I used to work with a guy called Niclas Herle when I was younger, a real smart guy and someone who I have no doubt has now gone to the very top, he was always ambitious and was one of those magnetic figures who everyone wants to be around. Nic and I bonded initially over a shared love of music and I used to love getting into reviews with him and have discussions about who was better than who, amongst other music geek questions. Nic had always been someone who did things a bit differently and at that time, around 10 years ago, he was very passionate about his vinyl records, something which bemused me to be honest. I couldn’t believe the money that he would spend on vinyl at first, but slowly and surely he convinced me to get involved and I have been collecting ever since, and this is how.


One of the reasons I used to love speaking with Nic is because we both loved the details around music, we wanted to know who was producing, which tracks were sampled, who played the guitar etc etc. At the time I was selling my CDs because of the conversion to digital music and it dawned on me that the information was given any longer, but rather you had to search for it. With vinyl however it isn’t the same, you have all of that information right there on the back and that was something which I really love.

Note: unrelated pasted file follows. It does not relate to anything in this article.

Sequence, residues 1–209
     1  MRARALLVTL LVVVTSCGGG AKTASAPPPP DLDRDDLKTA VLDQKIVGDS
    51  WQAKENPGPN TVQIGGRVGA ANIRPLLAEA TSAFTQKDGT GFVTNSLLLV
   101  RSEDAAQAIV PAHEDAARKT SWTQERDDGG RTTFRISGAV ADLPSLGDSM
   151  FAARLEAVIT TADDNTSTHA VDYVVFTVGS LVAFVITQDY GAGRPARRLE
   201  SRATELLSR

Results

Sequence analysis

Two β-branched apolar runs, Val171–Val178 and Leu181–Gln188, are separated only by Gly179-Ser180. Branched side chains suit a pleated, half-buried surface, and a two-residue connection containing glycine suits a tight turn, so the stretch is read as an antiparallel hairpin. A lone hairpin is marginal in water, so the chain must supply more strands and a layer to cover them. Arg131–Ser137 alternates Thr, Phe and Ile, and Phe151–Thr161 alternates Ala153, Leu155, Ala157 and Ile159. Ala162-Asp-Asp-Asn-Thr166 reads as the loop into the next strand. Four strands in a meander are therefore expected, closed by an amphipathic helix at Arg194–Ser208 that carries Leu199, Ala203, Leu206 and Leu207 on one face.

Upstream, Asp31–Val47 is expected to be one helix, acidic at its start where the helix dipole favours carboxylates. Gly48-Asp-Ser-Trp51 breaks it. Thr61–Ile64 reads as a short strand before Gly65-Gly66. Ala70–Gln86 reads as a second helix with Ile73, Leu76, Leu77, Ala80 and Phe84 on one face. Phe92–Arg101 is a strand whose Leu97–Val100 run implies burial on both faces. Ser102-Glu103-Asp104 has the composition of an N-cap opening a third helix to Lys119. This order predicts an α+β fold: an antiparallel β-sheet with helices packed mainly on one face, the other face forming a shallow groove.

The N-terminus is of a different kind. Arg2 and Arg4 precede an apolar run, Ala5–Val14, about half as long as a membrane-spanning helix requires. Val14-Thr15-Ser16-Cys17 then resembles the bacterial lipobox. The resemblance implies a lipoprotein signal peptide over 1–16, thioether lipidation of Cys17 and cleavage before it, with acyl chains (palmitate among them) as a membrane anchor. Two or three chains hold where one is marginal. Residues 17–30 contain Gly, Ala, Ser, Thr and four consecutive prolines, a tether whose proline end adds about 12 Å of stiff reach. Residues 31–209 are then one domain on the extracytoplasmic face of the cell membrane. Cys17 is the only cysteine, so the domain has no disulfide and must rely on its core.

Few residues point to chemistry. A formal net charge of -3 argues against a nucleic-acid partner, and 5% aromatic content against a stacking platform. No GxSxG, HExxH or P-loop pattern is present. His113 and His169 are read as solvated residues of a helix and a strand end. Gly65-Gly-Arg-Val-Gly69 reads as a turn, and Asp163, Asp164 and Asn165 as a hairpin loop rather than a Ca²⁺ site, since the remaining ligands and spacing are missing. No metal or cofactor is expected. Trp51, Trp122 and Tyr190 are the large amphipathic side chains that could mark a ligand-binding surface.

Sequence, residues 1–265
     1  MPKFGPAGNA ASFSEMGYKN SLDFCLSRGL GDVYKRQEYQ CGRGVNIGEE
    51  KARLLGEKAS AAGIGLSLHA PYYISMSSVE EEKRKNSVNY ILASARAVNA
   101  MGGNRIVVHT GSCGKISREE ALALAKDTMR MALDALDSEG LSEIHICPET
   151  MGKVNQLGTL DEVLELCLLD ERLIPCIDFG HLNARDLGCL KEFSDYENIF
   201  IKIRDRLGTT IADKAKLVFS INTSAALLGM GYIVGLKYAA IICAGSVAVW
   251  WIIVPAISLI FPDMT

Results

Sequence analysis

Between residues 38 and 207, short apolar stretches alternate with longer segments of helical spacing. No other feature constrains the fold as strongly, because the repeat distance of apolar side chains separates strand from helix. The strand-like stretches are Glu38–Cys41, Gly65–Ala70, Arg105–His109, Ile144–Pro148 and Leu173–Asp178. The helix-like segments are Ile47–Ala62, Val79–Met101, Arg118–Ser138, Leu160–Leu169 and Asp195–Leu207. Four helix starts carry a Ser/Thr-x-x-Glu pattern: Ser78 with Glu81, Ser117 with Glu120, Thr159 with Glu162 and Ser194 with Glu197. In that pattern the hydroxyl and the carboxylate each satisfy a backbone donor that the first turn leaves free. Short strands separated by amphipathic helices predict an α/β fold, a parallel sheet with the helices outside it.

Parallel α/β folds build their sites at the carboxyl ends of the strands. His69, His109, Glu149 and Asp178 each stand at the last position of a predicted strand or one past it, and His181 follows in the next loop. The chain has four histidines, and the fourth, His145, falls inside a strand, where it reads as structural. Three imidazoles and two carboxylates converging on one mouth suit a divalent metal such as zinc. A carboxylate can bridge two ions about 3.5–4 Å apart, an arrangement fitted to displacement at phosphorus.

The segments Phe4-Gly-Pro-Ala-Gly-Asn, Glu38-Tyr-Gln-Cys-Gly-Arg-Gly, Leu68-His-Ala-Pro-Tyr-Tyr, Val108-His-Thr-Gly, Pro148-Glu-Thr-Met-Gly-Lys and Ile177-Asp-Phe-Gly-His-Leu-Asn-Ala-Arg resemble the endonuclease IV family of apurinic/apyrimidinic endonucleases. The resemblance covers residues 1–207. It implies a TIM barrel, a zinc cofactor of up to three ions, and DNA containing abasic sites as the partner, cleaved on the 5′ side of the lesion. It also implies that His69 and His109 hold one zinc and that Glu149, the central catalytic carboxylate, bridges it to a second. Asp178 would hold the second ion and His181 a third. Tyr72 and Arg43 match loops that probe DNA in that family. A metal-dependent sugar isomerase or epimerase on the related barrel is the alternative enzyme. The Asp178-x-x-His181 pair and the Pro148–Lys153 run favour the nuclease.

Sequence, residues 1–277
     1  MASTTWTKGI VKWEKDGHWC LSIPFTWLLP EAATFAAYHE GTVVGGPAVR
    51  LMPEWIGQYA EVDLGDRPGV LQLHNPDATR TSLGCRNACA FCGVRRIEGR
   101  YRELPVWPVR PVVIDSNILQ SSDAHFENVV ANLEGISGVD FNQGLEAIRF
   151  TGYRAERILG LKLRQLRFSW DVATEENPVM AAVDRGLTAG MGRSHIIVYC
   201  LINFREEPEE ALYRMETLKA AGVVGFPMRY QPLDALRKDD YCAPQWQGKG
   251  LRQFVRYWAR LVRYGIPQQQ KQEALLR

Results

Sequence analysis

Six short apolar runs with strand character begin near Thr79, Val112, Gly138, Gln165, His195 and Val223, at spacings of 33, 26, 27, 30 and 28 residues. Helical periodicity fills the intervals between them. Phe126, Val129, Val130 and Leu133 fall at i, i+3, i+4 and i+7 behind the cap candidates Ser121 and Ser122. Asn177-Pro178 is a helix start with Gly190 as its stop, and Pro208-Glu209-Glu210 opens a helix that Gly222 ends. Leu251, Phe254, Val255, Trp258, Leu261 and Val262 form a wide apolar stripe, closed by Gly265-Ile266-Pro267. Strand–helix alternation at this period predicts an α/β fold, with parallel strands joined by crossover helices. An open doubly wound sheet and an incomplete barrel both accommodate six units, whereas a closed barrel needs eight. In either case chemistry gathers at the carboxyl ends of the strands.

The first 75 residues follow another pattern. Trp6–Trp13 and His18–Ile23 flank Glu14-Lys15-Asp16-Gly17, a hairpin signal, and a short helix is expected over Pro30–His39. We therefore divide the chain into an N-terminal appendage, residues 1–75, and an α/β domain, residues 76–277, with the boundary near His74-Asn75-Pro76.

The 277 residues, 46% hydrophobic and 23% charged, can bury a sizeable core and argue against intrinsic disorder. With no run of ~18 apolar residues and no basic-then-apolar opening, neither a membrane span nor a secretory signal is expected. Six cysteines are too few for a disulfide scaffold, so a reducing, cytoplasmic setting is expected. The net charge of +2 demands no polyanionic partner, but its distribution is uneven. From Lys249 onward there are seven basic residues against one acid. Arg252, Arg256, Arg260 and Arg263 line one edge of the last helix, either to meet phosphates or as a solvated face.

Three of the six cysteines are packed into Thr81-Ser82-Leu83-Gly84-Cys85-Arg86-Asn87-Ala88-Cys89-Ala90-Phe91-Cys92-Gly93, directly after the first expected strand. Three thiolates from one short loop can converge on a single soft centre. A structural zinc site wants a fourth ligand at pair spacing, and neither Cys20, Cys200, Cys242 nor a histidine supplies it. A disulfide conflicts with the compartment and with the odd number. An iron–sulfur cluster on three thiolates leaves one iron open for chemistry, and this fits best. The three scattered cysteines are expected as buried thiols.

Niclas used to tell me about how he’d go digging in record stores and charity shops, looking for ‘gold’. I never really saw the appeal of this but he took me along one day two have a dig for records and to be honest, it was love at first dig. Flipping through all these amazing albums of bands and artists which I loved, seeing some incredibly low prices for well kept copies, it was a real rush and I’d say that this is still my favorite part of collecting vinyl.

Playing Records

I can remember making fun of Nic early on because whilst he was still getting a record out of the sleeve I was already on the second track of the album on a streaming site. He would retort by telling me that I just didn’t understand and he was absolutely right. There is a real ceremonial aspect of playing records which you just fall for when you do it. Selecting the record, taking it out of its sleeve, carefully placing it on the deck and lowering the needle, it really brings the theater back to playing music and I for one absolutely adore it. It is of course far easier to play music online, but there is something which is lost about how easy it is and how little effort you need to put in.

If you are a music lover and you are in doubt as to whether or not this is something you’d be interested in, my advice would be to give it a try.